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Cardiovascular Responses to Climbing Mt. Rainier in Relation to Aerobic Fitness and Body Composition: Board #24 May 28 11:00 AM - 12:30 PM

Visich, Paul1; Loubert, Peter1; Davis, John2; Stansberry, Mark3

Medicine & Science in Sports & Exercise: May 2008 - Volume 40 - Issue 5 - p S174-S175
doi: 10.1249/01.mss.0000322221.59744.1c
A-23 Free Communication/Poster - Endurance Training: MAY 28, 2008 7:30 AM - 12:30 PM: ROOM: Hall B
Free

1Central Michigan University, Mt. Pleasant, MI. 2Alma College, Alma, MI. 3Mountain Town Rehab, Mt. Pleasant, MI.

Email: Paul.Visich@cmich.edu

(No relationships reported)

Mountaineering provides considerable challenge to cardiovascular fitness because of vertical climbing, the additional weight of a backpack and the change in partial pressure of oxygen with increasing altitude. Few studies have looked at the relationship between VO2 max and body composition and the cardiovascular responses to high altitude summit climbs. Recent technological advances (heart rate data loggers and GPS) have made this sort of data collection possible.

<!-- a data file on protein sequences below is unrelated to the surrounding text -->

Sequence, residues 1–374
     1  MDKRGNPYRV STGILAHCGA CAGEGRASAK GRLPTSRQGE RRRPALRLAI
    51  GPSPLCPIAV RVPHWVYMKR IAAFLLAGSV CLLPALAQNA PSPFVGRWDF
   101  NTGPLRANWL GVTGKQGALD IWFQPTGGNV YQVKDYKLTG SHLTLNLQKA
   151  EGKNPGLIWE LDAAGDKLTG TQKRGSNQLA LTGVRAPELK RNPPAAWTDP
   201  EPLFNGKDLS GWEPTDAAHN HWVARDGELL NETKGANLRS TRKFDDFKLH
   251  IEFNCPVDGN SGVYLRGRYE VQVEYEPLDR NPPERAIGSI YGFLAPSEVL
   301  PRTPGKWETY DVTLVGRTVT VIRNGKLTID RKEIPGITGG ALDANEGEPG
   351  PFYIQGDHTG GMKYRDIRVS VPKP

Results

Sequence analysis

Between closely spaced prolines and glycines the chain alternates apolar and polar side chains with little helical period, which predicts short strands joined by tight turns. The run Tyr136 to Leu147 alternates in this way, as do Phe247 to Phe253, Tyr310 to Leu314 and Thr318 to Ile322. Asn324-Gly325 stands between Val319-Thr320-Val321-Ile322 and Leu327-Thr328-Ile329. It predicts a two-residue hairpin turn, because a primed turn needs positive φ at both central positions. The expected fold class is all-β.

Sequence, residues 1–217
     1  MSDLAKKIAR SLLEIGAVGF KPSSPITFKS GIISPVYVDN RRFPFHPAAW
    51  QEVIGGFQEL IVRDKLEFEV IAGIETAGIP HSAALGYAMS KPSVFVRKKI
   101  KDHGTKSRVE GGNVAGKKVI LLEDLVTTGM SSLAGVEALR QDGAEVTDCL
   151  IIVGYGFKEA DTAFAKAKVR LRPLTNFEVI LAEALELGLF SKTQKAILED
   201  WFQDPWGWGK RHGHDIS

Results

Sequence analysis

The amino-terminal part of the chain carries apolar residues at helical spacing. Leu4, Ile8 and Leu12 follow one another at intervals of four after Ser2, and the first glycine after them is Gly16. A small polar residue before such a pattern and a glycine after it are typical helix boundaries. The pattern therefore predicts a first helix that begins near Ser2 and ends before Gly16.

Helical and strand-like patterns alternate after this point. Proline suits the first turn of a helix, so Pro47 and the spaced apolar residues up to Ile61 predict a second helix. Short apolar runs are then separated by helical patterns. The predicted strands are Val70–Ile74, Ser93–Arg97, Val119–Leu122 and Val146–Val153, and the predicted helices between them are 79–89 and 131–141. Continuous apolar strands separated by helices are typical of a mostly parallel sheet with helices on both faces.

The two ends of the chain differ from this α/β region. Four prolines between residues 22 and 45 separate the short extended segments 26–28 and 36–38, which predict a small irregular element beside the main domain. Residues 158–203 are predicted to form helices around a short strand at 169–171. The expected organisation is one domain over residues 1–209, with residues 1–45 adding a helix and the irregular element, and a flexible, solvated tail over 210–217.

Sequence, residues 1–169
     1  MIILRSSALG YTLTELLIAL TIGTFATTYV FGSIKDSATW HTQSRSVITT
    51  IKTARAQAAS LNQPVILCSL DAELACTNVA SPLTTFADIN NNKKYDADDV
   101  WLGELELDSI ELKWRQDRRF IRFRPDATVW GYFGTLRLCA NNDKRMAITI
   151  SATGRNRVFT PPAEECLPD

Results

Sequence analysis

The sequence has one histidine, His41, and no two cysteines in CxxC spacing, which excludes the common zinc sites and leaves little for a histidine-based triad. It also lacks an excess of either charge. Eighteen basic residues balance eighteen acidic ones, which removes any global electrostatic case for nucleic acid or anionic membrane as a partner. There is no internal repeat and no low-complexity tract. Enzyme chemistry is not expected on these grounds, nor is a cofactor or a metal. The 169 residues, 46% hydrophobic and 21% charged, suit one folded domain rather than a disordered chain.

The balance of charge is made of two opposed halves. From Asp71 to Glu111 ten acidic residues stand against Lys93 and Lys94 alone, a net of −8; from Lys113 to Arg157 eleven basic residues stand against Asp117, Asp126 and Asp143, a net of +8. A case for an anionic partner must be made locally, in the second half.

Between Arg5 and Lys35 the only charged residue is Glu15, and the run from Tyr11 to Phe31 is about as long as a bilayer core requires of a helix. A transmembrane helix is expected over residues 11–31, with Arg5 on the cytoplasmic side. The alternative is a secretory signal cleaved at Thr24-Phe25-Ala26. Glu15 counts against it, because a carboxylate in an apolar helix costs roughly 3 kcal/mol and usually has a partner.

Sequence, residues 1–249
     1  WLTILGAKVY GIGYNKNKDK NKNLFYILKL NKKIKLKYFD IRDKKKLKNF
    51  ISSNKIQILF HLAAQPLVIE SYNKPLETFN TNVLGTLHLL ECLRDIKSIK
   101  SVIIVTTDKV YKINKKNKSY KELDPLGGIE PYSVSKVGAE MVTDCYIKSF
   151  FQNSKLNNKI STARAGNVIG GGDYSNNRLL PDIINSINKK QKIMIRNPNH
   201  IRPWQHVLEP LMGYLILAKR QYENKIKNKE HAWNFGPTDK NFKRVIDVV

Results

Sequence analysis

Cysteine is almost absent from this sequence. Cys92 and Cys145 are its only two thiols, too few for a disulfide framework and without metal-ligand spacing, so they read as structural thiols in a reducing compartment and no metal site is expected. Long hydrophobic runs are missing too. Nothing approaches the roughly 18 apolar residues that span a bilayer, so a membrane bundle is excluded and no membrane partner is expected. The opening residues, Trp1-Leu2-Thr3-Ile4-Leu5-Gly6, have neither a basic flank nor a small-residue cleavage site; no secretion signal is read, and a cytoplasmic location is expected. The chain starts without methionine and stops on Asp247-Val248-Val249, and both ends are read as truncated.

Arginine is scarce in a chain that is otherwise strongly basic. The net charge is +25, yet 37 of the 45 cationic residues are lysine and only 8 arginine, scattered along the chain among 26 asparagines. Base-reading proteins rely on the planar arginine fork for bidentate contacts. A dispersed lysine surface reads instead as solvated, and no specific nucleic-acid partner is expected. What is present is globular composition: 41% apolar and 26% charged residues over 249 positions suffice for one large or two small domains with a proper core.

PURPOSE: The purpose of this study was to assess cardiovascular responses while ascending Mt. Rainier in middle age males with varying aerobic fitness and body composition.

METHODS: Four middle-aged males volunteered to participate in this study. Aerobic capacity was determined by completing a Bruce protocol treadmill test with metabolic assessment. Body composition was assessed by skinfold thickness using the Jackson and Pollock three-site formula. Aerobic capacity and body composition were determined before attempting the summit climb. Heart rate during the climb was measured using a Polar Heart Rate data logger and elevation was determined using a handheld portable GPS. Climbers ascended from 5,420 feet to 10,030 feet over approximately 6h, during which data were collected.

RESULTS: Four males with an age of 49.8 + 4.2y, an aerobic capacity of 44.0 + 8.0 ml.kg.min-1 and % fat of 21.4 + 4.3 completed the study. When assessing the relationship of %HRR to VO2max, an inverse relationship was observed (r= −.86). In addition, when assessing the relationship of %HRR to body fat%, a positive relationship was observed (r= .95).

CONCLUSIONS: The results suggest that aerobic fitness has a pronounced effect on exercise intensity when climbing Mt. Rainier. In addition, body fat% demonstrated to have a strong positive influence on oneâЄ™s HR response when climbing Mt. Rainer. These results strongly suggest the need to promote aerobic fitness and decrease body fat when preparing to climb Mt. Rainer successfully.

©2008The American College of Sports Medicine